Myoblasts isolated from mouse hindlimb skeletal muscle demonstrated increased adipogenic potential as a function of age. Whereas myoblasts from 8-month-old adult mice did not significantly accumulate terminal markers of adipogenesis regardless of culture conditions, myoblasts from 23-month-old mice accumulated fat and expressed genes characteristic of differentiated adipocytes, such as the fatty acid binding protein aP2. This change in differentiation potential was associated with a change in the abundance of the mRNA encoding the transcription factor C/EBPα, and in the relative abundance of PPARγ2 to PPARγ1 mRNAs. Furthermore, PPARγ activity appeared to be regulated at the level of phosphorylation, being more highly phosphorylated in myoblasts isolated from younger animals. Although adipogenic gene expression in myoblasts from aged animals was activated, presumably in response to PPARγ and C/EBPα, unexpectedly, myogenic gene expression was not effectively repressed. The Wnt signaling pathway may also alter differentiation potential in muscle with age. Wnt-10b mRNA was more abundantly expressed in muscle tissue and cultured myoblasts from adult compared with aged mice, resulting in stabilization of cytosolic β-catenin, that may potentially contribute to inhibition of adipogenic gene expression in adult myoblasts. The changes reported here, together with those reported in bone marrow stroma with age, suggest that a default program may be activated in mesenchymal cells with increasing age resulting in a more adipogenic-like phenotype. Whether this change in differentiation potential contributes to the increased adiposity in muscle with age remains to be determined.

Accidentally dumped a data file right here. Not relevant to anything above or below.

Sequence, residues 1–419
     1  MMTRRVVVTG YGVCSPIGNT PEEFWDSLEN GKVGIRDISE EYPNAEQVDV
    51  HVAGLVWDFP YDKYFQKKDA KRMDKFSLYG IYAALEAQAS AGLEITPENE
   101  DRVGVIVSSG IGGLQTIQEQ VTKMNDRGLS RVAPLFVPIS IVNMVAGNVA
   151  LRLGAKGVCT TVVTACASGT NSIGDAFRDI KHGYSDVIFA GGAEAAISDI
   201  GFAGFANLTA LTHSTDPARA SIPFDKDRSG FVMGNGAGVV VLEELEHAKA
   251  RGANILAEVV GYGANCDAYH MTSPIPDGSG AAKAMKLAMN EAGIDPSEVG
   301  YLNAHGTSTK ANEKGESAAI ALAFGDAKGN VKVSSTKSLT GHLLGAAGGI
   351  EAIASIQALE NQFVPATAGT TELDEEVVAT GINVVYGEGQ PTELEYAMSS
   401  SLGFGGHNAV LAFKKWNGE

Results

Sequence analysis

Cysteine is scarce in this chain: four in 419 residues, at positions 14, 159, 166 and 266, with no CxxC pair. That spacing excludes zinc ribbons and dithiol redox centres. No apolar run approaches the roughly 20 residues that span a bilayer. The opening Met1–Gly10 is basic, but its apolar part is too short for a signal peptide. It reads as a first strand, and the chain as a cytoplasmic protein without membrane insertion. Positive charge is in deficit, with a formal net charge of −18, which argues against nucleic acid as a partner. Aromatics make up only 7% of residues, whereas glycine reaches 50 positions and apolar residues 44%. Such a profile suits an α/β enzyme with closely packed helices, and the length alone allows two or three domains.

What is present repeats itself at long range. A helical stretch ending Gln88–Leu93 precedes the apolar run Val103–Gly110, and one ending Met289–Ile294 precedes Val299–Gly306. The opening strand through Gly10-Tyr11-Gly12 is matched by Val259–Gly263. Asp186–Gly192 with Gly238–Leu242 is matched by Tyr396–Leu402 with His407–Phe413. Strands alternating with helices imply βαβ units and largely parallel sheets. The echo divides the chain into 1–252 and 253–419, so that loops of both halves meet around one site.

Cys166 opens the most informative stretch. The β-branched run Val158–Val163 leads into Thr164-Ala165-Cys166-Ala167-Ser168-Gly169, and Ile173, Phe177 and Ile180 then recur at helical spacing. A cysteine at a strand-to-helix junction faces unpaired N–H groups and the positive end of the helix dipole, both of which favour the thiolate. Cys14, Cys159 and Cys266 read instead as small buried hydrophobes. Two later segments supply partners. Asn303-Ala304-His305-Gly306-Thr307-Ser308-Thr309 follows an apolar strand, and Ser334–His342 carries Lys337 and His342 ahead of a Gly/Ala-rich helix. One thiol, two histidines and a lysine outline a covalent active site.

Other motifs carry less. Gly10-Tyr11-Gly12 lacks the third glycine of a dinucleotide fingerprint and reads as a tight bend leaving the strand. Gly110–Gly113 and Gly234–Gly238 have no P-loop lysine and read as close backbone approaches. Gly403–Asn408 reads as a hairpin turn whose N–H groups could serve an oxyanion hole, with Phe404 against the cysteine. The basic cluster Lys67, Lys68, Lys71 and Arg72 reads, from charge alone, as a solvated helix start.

|Number of pages||13|
|Journal||Mechanisms of Ageing and Development|
|State||Published - Mar 31 2002|
Bibliographical noteFunding Information:
We thank Elena Moerman for excellent technical assistance and Dr Edward D. Bearden for statistical analysis. This work was supported by grants to C.A. Peterson from the National Institutes on Aging (AG00724 and AG13009), to R.E.M. from the National Cancer Institute (CA78845) and to T.A. Rando from the Department of Veterans Affairs and the American Federation for Aging Research.
- Adipogenic differentiation
- Myogenic differentiation
- Skeletal muscle
ASJC Scopus subject areas
- Developmental Biology